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RANDOM TOUCH Duologue/A Box And A Word
Yoken Boy Records(2008)

I'm not sure which of these two related CD's came out first. But if you ever wanted to start a debate about the nature of music then Random Touch is as good a starting point as any. While the band name suggests free form music, there's enough spirited interplay between the distorted guitar of Scott Hammill and explosive drumming and percussion of Christopher Brown on 'Duologue' (Tokenboy Records ***) to suggest there is at the very least a cohesion and union of spirit.

Indeed on the full band version of A Box And A Word (TBR53898) the four piece ensemble playing comes much closer to what is commonly understood to be a composition. Indeed, before venturing into some glorious cacophony and spontaneous ups and downs, 'A Box' opens with 'Floating In a Spiral' which could easily be either early Steve Miller or Man.

But the further Proggy organ inflections to be found on say 'On The Way' and the almost choral/ambient feel of the evocative 'Dancing in Moonlight' soon give way to an edgy, brooding feel of 'Changeable Weather'.

While the core duo make much of the use of spontaneity - the lack of edges, the leap into the void etc there is also the obligatory contextualisation that references influences like Sun Ra, Zappa, Can and King Crimson, but strangely omits people like Henry Keiser, Bill Frizzell and for that matter James 'Blood' Ulmer'. ****

Closer to home the UK music scene has had its own free from practitioners in the shape of the late John Stevens and Elton Dean, Derek Bailey, Fred Frith, Phil Miller, Keith Tippett and countless lesser known jazz luminaries who have all struggled to find a platform for such free spirited improvisation. The contemporary music world it seems remains ever sceptical of freeform work, having precious little by which to judge it by, and Duologue both adds to the prejudices and fiercely fights them by turns.

On the one hand looking at the bigger picture we can enjoy the little musical conversations, the complex interplays, the dense tension building interludes and their subsequent resolution, which provide the dynamics that underpin the project's imaginative playing. On the other hand there are moments when there seems to be a bout of feverish interplay which actually doesn't go anywhere, as in the case on the synth/guitar noodles and percussion of 'Somewhere'.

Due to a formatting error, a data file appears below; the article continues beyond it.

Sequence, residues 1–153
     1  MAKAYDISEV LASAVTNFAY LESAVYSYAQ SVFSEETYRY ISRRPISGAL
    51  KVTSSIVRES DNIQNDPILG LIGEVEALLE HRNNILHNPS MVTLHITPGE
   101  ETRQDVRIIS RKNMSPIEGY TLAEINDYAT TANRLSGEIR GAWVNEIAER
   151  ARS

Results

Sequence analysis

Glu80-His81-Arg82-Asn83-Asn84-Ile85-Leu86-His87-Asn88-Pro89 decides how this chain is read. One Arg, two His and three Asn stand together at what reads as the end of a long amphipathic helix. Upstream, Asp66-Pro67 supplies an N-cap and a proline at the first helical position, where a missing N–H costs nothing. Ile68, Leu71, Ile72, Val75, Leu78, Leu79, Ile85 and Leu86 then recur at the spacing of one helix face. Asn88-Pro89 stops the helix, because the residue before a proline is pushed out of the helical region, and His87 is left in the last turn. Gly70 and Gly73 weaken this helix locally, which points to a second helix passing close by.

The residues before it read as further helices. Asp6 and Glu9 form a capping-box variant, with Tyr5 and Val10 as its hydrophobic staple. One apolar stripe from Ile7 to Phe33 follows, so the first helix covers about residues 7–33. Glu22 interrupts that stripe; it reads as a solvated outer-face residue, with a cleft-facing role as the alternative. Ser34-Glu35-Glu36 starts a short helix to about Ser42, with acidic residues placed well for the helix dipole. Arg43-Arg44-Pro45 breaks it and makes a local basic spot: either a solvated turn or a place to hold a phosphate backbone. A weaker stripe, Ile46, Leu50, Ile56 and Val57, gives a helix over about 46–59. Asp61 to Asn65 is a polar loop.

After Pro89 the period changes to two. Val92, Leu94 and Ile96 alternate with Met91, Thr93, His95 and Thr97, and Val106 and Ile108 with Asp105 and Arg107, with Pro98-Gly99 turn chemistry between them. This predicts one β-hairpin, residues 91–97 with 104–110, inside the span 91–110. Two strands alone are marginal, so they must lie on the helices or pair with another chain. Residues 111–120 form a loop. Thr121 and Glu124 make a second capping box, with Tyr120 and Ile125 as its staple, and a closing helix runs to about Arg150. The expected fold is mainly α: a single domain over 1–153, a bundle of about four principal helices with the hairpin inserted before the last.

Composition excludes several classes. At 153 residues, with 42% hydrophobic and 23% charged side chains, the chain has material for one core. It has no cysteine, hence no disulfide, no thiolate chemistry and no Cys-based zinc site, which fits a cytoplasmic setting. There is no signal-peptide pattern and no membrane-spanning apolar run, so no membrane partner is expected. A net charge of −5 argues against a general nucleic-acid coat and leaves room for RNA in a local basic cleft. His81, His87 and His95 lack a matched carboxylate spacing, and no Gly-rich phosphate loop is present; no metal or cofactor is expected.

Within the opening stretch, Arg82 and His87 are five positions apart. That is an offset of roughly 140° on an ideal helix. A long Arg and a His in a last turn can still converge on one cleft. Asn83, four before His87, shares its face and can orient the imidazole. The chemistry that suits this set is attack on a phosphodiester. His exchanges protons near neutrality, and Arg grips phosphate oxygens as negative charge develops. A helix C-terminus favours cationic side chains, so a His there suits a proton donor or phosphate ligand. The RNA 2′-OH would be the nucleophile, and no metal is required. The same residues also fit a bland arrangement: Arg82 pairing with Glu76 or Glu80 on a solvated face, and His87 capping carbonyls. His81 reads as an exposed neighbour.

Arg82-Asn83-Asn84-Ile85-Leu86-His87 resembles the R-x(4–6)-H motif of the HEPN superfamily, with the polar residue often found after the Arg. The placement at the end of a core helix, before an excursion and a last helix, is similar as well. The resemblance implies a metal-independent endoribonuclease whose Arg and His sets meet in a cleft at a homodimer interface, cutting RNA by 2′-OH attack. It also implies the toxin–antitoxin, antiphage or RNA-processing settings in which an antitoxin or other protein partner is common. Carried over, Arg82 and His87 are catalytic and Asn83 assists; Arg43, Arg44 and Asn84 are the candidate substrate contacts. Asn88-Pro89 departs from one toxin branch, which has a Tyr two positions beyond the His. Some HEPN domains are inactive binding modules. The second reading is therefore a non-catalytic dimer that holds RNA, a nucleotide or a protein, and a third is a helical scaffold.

On the later cut 'Swivelling Down' there is a clear tension building presence of a buzz guitar punctuated by insistent cymbal splashes and busy percussive work, both desperately seeking a way out of a self imposed musical straight jacket. On 'Rooted Tendril' the music does seem to actually pay some heed to the title as the guitar evokes the feeling of spiralling upwards.

By the time of the closing 'Favourable Direction', Random Touch work up a sweat with repeated drones and some post psychedelic guitar that almost suggests a sense of progression. If you take the project as a whole then it offers increased coherence. The spacey guitar and echo reverb of 'Chit Chat' with its clusters of pressed drum rolls and Metal guitar growl is best understood when offset by the following moog sounding (guitar) noodles of the very short but aptly named 'After.'

The juxtaposition of one piece with another is repeated on the band album with the optimism and clarity of 'Resplendent' immediately following the clutter of 'State Flux'. If neither example is planned it must simply be intuitive. There is a core sense of purpose here, a statement about freedom of expression and about exploring 'the outside'. ***

These values and goals are very much present in 'A Box And A Word', though having dabbled with the ethereal, the ambient, the nightmarish and even with Nick Cave territory on the confusing 'Steady Flux (Dear X)', the album dips somewhat with some obscure voiced narratives that sound like third division Zappa. But, hey, as an exercise in simply pushing air molecules and seeing where it takes us, both CD's are an adventurous rollercoaster ride. Random Touch certainly live up to their name and the sparkling little moments of dazzling interplay suggest this two CD project offers more than mere unconnected musical chaos.

Perhaps we'd best leave that question to the philosophers or the likes of Penderecki.

Review by Pete Feenstra

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***** Out of this world | **** Pretty damn fine |
*** OK, approach with caution unless you are a fan |
** Instant bargain bin fodder | * Ugly. Just ugly

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